We first met Thomas Nusbickel in 2014 when he was Hospira’s Head of US Market Access and involved with the commercialization of Hospira’s Retacrit®, slated at the time to become one of the first biosimilars approved by the FDA. Tom went on to a distinguished career in biosimilars, and he is currently leading the effort to build a US salesforce for Celltrion USA.
Biosimilars Review & Report: Tom, you’ve been in the biosimilar manufacturing industry a long time. Since your early experience at Hospira, how has your interaction changed over time (1) with payers and (2) with your own sales teams?
Thomas Nusbickel: Things have evolved quite a bit since I was working on a biosimilar for Epogen® and Procrit®. At that point, we weren’t sure how aggressively payers would control the medical benefit. We saw that occur first with the introduction of Inflectra® and then with the monoclonal antibodies for the treatment of cancer. We are seeing increasingly aggressive management from payers, even on the medical benefit.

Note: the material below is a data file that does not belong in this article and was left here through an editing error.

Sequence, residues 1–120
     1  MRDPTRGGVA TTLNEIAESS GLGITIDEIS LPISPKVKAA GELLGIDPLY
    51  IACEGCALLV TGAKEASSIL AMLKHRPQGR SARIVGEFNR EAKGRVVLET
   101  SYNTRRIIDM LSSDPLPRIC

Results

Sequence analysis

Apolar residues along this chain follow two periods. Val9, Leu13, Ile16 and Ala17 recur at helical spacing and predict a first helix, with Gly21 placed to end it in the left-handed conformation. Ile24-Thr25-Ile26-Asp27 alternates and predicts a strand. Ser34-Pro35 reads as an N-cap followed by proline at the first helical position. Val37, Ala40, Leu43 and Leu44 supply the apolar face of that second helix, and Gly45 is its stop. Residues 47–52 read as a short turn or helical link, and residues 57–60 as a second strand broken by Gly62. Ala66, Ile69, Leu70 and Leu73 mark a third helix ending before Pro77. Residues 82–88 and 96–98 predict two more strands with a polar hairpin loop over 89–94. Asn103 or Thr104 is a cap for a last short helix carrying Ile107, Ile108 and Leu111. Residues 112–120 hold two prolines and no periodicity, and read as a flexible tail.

As an industry, we were successful in changing some of the early rules that the Centers for Medicare and Medicaid Services (CMS) had put in place. When we were working on Retacrit®, CMS was planning to use blended Q or J codes, which would’ve been very damaging for the survival of biosimilars. It would have created a huge advantage for the originators.
Since then, CMS has implemented some changes favoring biosimilar use. We’ve also seen a number of different ways the originator companies have defended their marketshare, including the aggressive defense of Remicade® [by Janssen] and more of a “let’s go ahead and just move on to other products” approach [by Genentech-Roche antibodies in cancer]. We saw Amgen aggressively defend Neulasta®, first with Onpro® but also with pretty aggressive discounting.